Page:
'The Day the Clown Cried,' Jerry Lewis' Nazi-Themed Film, Sampled Online (Video)

Tuesday, 13 Aug 2013 10:19 AM

By Michael Mullins

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Jerry Lewis directed, wrote, and starred in a Nazi-themed movie in 1972, "The Day the Clown Cried," in which he played a circus clown tasked by the Third Reich with tricking children into concentration camp gas chambers, but the film was never released and Lewis wants it forgotten.

Recently, however, a 7-minute video clip from material related to the failed film surfaced on YouTube.

Lewis has described "The Day the Clown Cried" as "bad, bad, bad."

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"No one will ever see it, because I'm embarrassed," the 87-year-old Lewis told reporters at the Cannes Film Festival in May. "I believed in the work and the way it should have been, and it wasn't."

In the Los Angeles Times, John Horn wrote that "The Day the Clown Cried" is considered one of the great fiascoes in modern movie history, joining the ranks of “Ishtar,” “Gigli,” “Howard the Duck” and “Heaven’s Gate.”

In the film, a down-on-his-luck German circus clown named Helmut Doork is arrested after drunkenly mocking Adolf Hitler and placed in a concentration camp awaiting trial, according to the Hollywood Reporter. Doork is later put on a train headed to Auschwitz packed with Jewish children. At the concentration camp, Doork is forced to perform for the children, Pied Piper-style, as they are led to the gas chambers. He joins them in the gas chamber in the film's final scene.

After it was shelved, the film was only seen by a handful of people.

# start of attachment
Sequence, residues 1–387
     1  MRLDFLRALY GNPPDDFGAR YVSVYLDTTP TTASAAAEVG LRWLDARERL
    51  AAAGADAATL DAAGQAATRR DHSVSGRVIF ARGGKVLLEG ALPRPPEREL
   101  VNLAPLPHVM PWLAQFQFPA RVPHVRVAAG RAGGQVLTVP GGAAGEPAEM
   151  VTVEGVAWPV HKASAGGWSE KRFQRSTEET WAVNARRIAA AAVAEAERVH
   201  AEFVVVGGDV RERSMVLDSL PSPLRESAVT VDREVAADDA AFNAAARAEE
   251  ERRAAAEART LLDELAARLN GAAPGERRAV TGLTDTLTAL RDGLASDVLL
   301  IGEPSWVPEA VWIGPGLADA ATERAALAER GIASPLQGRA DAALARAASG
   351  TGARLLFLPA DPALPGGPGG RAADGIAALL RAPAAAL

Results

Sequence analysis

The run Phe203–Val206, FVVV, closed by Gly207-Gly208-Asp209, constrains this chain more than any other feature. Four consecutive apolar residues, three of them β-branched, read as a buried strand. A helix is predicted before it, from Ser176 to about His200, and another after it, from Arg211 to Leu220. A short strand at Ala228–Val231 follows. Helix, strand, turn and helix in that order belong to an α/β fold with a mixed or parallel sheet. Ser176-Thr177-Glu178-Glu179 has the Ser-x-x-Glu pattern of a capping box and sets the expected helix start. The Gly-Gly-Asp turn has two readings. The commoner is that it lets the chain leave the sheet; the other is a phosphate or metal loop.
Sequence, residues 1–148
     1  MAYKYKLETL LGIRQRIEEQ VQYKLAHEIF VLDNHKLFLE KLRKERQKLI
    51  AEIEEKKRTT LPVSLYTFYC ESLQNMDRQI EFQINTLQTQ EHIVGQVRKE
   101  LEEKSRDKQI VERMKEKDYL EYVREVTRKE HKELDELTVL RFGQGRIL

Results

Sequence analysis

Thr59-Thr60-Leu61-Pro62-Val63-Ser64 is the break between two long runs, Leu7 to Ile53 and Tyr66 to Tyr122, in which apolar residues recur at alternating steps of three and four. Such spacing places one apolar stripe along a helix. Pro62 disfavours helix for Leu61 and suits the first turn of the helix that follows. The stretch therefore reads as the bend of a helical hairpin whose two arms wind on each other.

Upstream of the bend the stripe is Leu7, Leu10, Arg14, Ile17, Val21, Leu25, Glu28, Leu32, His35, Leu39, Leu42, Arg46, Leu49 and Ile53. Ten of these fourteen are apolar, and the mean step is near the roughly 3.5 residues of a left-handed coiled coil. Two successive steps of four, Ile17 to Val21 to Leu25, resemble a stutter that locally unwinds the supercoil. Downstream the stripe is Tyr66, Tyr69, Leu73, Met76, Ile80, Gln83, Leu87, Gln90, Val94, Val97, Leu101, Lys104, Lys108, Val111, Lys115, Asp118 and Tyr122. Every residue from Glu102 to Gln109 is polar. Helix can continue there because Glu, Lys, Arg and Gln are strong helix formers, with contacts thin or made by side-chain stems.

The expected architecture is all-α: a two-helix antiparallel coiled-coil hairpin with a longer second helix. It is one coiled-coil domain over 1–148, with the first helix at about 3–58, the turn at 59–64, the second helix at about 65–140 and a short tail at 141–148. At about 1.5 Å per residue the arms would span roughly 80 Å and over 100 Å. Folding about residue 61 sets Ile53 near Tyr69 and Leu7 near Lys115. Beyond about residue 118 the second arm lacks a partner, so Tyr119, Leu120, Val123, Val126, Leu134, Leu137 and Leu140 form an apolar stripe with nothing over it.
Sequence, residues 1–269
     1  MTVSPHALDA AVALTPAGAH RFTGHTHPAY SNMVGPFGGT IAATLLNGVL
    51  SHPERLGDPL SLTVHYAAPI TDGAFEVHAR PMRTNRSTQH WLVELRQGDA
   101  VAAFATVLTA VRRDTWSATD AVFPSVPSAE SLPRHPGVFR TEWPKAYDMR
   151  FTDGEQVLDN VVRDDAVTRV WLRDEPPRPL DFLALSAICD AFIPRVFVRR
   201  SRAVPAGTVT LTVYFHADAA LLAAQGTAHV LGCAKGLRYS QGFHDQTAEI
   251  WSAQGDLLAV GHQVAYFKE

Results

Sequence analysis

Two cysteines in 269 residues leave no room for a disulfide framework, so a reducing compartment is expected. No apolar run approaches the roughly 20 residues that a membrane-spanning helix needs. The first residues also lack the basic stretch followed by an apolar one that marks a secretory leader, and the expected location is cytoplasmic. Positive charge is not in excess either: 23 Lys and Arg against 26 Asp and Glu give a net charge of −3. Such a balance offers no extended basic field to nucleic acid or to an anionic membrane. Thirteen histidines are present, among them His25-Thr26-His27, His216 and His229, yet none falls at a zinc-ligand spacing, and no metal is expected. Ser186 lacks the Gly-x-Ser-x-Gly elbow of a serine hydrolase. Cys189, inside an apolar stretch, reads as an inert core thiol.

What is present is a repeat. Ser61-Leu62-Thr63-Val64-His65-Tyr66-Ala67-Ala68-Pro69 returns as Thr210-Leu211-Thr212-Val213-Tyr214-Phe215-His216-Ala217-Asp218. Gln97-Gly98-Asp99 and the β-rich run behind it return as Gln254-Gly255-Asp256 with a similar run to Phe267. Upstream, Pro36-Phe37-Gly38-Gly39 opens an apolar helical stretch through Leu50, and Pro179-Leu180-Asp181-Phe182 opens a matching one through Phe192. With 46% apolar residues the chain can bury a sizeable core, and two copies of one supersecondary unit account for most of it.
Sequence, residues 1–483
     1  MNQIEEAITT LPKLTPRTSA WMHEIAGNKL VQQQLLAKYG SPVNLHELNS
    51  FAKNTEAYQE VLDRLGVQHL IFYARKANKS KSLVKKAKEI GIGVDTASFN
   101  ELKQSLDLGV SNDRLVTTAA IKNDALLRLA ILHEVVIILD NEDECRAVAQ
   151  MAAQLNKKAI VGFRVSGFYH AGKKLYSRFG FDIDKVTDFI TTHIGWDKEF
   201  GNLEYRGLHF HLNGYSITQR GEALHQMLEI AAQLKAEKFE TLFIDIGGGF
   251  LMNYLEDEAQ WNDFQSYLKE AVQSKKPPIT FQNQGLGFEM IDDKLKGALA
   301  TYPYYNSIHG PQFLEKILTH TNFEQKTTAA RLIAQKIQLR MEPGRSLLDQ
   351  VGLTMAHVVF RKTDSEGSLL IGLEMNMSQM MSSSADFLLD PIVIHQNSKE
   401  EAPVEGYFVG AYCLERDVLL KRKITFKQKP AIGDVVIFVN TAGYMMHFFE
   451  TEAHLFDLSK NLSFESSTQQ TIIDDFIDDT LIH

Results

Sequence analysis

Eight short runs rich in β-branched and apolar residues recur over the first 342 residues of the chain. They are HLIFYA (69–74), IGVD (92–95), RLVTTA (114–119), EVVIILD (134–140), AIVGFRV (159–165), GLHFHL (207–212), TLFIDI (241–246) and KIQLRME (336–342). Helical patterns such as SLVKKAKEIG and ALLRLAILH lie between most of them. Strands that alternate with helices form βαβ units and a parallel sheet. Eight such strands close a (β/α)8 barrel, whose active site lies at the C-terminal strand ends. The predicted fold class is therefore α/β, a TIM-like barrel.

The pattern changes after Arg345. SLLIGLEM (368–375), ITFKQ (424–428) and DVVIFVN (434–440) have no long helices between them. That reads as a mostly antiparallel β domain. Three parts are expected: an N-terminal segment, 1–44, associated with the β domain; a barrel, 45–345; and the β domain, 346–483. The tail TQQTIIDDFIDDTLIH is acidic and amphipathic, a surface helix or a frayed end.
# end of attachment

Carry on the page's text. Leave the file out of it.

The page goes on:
One of the few who did see the film in a 1979 private showing was actor Harry Shearer, 69, who is known for his voice overs on Fox's animated sitcom "The Simpsons," and his role in the 1984 film "This Is Spinal Tap."

"This movie is so drastically wrong, its pathos and its comedy are so wildly misplaced, that you could not, in your fantasy of what it might be like, improve on what it really is," Shearer told Spy Magazine in 1992.

The YouTube clip shows Lewis behind the scenes as he dresses and prepares for his role, making eerie smiles into the camera with a face coated in makeup, while juggling balls and trying to light a cigarette from an uncooperative candle.

According to the New York Post, Lewis thought he was wrong for the role.

In his autobiography "Jerry Lewis in Person," the Post reported, Lewis said he told the producer, Nathan Wachsberger, "Why don't you try to get Sir Laurence Olivier? I mean, he doesn't find it too difficult to choke to death playing Hamlet. My bag is comedy, Mr. Wachsberger, and you're asking me if I'm prepared to deliver helpless kids into a gas chamber? Ho-ho. Some laugh – how do I pull it off?"

Lewis, who was born Joseph Levitch and is of Russian Jewish ancestry, began performing at five years of age and is known for his slapstick humor in film, television, stage and radio.

In addition to his comedic work, Lewis is perhaps best known to younger audiences for his charity work involving muscular dystrophy through the long running annual Jerry Lewis MDA Telethon, which ran from 1966 to 2010 and raised more than $2.6 billion, Australia's ABC.net reported.

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Related stories:

Jerry Lewis Makes Surprise Appearance

Jerry Lewis: Female Comics Still No Laughing Matter for Him

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